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The National Trust has shaken off its stuffy stately home image and now offers a range of fun activities and events to encourage more families to visit. Alongside amazing historical houses and gardens, you'll find 'have a go' events from archery to apple pressing, as well as story-time events and tours from people in historical costume.
Bodiam Castle in East Sussex boasts a moat, turrets, portcullis and drawbridge for the youngsters to explore and during half term, it welcomes families to take part in the Knight's Trail, encouraging detectives to follow the trail around the castle to claim a special prize. Or take part in 'Dress to Impress' and see your little one transformed into a knight, princess, lord or jester using their collection of replica medieval armour and costumes.
places offer parklands and gardens with wildlife and nature trails, so it's worth visiting the website to see what's on near you.
If the weather isn't on your side, a day indoors at a museum might be a better option. Forget boring and dusty old collections. These days museums offer a range of interactive games and challenges to make learning fun. A trip to the Natural History or Science museum in London will keep the kids (and the adults!) occupied for hours.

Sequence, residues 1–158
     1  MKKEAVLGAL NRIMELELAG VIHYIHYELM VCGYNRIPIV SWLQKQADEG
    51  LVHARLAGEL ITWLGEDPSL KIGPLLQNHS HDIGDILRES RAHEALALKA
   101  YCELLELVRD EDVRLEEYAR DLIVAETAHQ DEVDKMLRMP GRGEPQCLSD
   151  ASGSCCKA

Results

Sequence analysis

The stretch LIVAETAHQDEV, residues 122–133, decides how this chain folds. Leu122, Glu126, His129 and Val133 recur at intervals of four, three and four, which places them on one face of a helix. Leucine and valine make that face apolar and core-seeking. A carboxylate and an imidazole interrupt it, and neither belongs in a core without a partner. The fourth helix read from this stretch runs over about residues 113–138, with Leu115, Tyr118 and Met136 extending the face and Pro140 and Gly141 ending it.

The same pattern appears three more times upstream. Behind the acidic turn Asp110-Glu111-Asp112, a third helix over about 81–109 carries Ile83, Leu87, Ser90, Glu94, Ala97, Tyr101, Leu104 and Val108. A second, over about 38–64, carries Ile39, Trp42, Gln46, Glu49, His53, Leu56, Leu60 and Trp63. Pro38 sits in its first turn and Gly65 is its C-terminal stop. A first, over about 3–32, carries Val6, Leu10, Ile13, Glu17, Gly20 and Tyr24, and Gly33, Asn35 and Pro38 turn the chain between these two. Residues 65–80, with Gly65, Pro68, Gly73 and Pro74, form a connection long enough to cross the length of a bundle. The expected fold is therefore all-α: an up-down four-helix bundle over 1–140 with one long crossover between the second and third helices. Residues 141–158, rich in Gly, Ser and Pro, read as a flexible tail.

You don't have to travel to London of course. Check what events are happening at your local museum - you might be surprised at how much is going on.
A trip to a theme park goes down well with most kids (and some big kids too). Alton Towers in Staffordshire is home to some of the country's biggest and most hair-raising rides. For little ones, there are gentler experiences and a Caribbean-themed water park at the Splash Landings Hotel, featuring a host of watery thrills.
If you've been unable to take the week off work, you could always consider treating the kids to one of the many courses held over the half-term. From crafts to acting and football, you'll find events held over the entire week or just a day or two. Check your local sports centres and theatrical venues to see what's on offer.
If this all sounds a little expensive, there are cheaper alternatives. If you live near the countryside you could take the children on a free nature walk - and give them a list of things to spot (lambs, snowdrops, squirrels etc) with a prize for the winner. Many farms also offer low-cost activities and events.
If you prefer to stay at home, why not challenge the kids to a bake-off and award (low-cost) prizes for the best decorated cupcakes.
How do you keep the children entertained at half term? Do you have any ideas for cheap or free activities? Let us know below...